Patients like a choice of healthcare providers but never are willing to pay much for that opportunity. Recently, insurance companies have taken advantage of shrinking the available panel of physicians to select those that are both less expensive and provide higher quality. The higher quality part is obviously secondary.
Electa Draper of the Denver Post reported 7/27/14 “Coloradans could lose medical choices, but save money”. The essence of the article was a report on the United Healthcare (UHC) plan to “narrow the panel” of available physicians. $100 per month is reported as the possible savings for subscribers to the plan.
UHC is the largest insurance carrier in the US. This national strategy to “narrow the panel” will save someone some money; but, the amount of leverage this gives to quality is nebulous. This huge insurance company could raise US healthcare quality to number 25 from number 26 in the world — sadly they don’t have much ambition for international competition.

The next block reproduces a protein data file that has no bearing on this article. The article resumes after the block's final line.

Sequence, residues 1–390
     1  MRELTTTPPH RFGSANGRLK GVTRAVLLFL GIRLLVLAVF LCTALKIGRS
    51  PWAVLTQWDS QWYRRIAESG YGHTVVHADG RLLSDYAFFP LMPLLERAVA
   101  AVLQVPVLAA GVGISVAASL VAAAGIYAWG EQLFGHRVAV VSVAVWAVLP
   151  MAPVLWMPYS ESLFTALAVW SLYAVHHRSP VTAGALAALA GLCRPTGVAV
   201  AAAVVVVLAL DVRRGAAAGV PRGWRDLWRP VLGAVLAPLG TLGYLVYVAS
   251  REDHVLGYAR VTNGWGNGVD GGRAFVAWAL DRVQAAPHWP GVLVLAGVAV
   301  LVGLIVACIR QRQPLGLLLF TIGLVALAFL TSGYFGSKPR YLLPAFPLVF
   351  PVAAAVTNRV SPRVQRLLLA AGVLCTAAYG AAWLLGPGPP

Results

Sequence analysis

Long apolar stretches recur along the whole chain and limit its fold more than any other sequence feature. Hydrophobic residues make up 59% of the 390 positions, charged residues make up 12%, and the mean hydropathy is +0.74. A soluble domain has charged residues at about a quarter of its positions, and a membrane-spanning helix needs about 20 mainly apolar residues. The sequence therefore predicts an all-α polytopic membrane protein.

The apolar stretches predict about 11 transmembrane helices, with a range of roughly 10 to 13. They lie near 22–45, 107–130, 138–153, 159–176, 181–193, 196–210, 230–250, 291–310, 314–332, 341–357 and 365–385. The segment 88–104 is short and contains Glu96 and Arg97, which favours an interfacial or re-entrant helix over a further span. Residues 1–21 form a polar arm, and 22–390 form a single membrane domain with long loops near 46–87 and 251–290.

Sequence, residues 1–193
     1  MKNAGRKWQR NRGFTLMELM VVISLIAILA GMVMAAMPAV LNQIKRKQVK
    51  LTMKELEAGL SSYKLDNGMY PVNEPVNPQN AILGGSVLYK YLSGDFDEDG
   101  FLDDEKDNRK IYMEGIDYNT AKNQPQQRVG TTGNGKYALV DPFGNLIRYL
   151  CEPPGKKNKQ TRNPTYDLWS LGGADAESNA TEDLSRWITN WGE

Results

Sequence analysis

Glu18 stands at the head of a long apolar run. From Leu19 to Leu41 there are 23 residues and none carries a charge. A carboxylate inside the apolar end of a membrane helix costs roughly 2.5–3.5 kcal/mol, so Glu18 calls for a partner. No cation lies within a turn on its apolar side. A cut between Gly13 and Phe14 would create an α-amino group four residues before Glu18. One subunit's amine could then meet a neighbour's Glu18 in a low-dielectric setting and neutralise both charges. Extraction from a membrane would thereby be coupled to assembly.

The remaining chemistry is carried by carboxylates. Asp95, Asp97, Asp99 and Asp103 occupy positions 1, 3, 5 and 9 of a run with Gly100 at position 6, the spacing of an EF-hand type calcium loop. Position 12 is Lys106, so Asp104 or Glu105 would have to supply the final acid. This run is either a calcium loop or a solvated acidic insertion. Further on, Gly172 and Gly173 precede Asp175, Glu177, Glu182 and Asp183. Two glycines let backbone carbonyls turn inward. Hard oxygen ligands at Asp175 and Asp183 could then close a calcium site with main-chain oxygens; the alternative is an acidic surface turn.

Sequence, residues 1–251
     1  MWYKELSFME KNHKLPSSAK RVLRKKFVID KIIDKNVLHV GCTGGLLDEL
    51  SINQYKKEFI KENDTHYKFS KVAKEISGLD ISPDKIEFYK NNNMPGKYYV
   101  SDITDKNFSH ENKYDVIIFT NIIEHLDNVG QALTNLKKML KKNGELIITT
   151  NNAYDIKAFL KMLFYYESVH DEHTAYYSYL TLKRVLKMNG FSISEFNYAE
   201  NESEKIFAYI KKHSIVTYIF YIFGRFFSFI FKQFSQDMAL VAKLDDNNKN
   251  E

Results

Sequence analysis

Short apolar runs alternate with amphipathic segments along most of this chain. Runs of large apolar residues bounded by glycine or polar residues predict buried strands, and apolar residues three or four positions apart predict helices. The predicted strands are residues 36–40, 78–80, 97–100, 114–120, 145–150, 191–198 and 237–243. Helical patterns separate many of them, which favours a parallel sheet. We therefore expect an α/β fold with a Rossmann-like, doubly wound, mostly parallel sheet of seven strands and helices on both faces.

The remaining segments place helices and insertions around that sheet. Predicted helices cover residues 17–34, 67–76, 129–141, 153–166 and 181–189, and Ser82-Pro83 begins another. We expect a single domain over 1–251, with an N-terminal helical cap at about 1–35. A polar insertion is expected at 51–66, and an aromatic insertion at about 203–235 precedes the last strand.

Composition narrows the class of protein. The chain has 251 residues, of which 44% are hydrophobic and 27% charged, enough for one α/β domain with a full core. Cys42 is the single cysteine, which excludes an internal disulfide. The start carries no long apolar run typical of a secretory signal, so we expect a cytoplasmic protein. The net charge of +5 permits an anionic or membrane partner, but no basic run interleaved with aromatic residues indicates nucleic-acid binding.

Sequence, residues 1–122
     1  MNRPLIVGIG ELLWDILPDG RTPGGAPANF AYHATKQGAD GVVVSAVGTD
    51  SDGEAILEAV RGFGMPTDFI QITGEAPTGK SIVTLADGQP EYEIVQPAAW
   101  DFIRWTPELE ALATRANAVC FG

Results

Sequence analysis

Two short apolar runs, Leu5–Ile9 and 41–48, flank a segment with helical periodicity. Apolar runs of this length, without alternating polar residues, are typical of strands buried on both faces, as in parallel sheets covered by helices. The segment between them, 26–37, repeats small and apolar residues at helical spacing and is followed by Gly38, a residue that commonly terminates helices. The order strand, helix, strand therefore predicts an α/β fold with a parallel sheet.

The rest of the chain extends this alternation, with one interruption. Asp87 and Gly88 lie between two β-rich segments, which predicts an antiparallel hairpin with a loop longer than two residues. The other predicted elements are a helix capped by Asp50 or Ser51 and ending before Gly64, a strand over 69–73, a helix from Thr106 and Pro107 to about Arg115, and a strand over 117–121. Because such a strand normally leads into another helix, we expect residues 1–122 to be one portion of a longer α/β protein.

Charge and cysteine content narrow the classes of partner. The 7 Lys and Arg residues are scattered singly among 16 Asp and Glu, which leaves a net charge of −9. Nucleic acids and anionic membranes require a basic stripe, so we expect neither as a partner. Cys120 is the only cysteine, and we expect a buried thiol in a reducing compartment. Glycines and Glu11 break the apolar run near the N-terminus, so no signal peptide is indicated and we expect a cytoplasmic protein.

The lack of transparency is striking:
- will all the cost savings be passed on to the consumer?
- will CEO Stephen Hemsley’s salary go higher than $106 milllion?
- physicians seem easy to squeeze for money; what about drug companies, device makers and hospitals?
- what quality measures cause physicians to be excluded?
- forcing patients to change doctors as employers change insurance plans is common practice — when will this stop?
- will UHC or any insurance company saying they intend to improve quality also reduce errors? Will they stand shoulder to shoulder with physicians who are named in medical error suits?
- will UHC reduce patient waiting times?
- will UHC drop Medicare patients and stick with younger healthier patients?